If you’re like me, you may be worried that doing what YOU want is selfish and everyone will be upset with you. Forget about pleasing the masses, and let go of that inner voice that says you HAVE TO (fill in the blank with whatever you think that is). Taking care of yourself is taking steps towards healing and this is what your family and friends ultimately want anyway.

Ask yourself if spending time with your family and friends on Mother’s Day would feel wonderful and comforting or does the thought set your teeth on edge? Perhaps your heart wants some solitude with a latte and a place to journal your thoughts. Maybe it would feel lovely to do something to celebrate your mother (or child or wife, etc) by watching her favorite movie or planting flowers either alone or with a select group of friends and family. Take a deep breath and ask your heart what would feel most nourishing.

Once you feel clear on what you want, communicate these wishes with your family and friends. This may feel daunting but remember that people aren’t mind readers, and they truly do want what’s best for you. Oftentimes they don’t quite know what to do and are waiting to take a cue from you. Make it easier for them by simply telling them what you need and want. Remember, you are the best person to decide what’s best for you.

It helps not to be defensive but loving, gentle and direct. If you feel it would be more comfortable to write a note to your family and friends conveying your wishes, then do so. There’s nothing wrong with that approach.

If you’re still unclear about what would feel right to do on Mother’s Day, here are some wonderful resources full of suggestions:

Whatever you decide to do, remember that you can change it up however you need when the day comes – or for next year and the year after. The first year tends to be the most difficult but you may find yourself in this situation of asking what you want and need in subsequent years. Be flexible and open. Whatever you decide, it’s okay.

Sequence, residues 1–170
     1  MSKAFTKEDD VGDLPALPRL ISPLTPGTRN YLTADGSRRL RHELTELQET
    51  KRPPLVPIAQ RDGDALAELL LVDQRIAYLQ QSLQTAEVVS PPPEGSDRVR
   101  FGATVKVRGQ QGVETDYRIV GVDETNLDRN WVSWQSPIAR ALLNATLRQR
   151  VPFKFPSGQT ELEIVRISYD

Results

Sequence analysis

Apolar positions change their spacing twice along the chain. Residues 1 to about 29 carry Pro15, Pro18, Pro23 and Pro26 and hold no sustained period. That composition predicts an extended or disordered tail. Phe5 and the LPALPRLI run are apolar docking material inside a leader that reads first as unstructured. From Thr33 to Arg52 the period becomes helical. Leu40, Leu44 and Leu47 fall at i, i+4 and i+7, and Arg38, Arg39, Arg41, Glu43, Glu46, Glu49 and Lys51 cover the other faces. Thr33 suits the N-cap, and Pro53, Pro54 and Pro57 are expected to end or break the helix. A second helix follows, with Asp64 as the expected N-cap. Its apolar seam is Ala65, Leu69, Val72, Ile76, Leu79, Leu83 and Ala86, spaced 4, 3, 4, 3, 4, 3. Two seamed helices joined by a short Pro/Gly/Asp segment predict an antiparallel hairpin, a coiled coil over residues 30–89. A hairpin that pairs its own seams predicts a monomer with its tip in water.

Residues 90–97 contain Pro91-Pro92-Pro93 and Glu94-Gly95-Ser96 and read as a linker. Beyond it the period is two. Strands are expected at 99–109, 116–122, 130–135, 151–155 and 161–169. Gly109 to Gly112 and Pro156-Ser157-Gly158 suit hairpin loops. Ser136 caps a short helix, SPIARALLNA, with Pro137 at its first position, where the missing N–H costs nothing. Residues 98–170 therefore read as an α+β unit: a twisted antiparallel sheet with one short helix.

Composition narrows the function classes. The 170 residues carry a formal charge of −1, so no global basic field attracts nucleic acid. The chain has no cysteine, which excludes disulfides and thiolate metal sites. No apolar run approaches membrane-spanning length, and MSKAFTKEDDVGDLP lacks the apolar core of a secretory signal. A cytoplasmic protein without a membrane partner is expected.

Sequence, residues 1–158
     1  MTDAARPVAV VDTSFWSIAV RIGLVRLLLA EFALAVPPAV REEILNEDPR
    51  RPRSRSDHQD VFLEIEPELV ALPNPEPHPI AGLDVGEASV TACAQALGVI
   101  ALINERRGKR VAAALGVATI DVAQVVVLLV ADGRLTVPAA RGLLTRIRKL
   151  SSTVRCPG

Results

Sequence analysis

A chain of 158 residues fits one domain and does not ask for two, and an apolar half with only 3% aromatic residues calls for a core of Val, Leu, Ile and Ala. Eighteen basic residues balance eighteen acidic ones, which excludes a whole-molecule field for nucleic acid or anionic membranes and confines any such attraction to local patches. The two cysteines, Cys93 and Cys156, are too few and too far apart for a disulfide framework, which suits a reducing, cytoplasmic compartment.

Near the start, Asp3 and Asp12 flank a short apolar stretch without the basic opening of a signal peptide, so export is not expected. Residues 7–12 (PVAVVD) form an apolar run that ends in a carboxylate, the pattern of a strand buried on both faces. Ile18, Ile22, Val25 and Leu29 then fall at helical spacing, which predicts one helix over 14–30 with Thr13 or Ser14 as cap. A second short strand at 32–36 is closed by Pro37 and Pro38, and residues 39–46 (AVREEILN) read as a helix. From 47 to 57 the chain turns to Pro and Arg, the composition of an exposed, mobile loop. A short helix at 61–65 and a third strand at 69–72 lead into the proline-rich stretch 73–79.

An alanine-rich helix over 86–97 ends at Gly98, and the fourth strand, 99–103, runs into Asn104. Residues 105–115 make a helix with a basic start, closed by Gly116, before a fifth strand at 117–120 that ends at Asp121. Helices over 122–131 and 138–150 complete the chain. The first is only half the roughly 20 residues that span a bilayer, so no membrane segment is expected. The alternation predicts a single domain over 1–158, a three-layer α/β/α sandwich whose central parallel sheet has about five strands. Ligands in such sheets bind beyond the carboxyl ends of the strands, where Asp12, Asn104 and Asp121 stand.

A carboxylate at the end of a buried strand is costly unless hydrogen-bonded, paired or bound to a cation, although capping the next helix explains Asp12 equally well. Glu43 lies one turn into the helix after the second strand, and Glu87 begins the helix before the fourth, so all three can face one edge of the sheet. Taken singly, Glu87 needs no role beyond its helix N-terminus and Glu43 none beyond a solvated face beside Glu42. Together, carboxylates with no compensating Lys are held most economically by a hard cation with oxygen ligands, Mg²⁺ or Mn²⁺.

If you know someone who is grieving on Mother’s Day, the kindest gift you can give is your heart and the ability to sit with their pain without judging or trying to take it away. Providing a compassionate community by simply listening is courageous and the perfect gift. Don’t make decisions for them or try to “fix” them; just listen with an open heart and quiet mouth. If they wish to be alone, respect that they know what’s best. A phone call acknowledging their feelings is always appropriate as well. A voice message saying, “I’m thinking about you and (the loved one’s name) today. I’m here if you need anything.” can be incredibly validating for a grieving heart.

Mother’s Day is a celebration and as much as you may not feel like celebrating, open your heart to celebrating your loved one’s life and how it’s touched yours . . . Mother’s Day will never look quite the same as it does for those who haven’t lost a mother or child, but it can still be a peaceful day when you’re willing to live it wholeheartedly which means leaning into the pain AND the joy.

Thinking of you Mom! I hope you get to cuddle with Andy, Mark, MJ, Summer Rose, and David today ♥

If this is a difficult day for you because of some of the issues I’ve mentioned, I’d love to hear how to plan to spend/spent the day. Let’s share our stories and help each other. Much love to all of our tender hearts . . .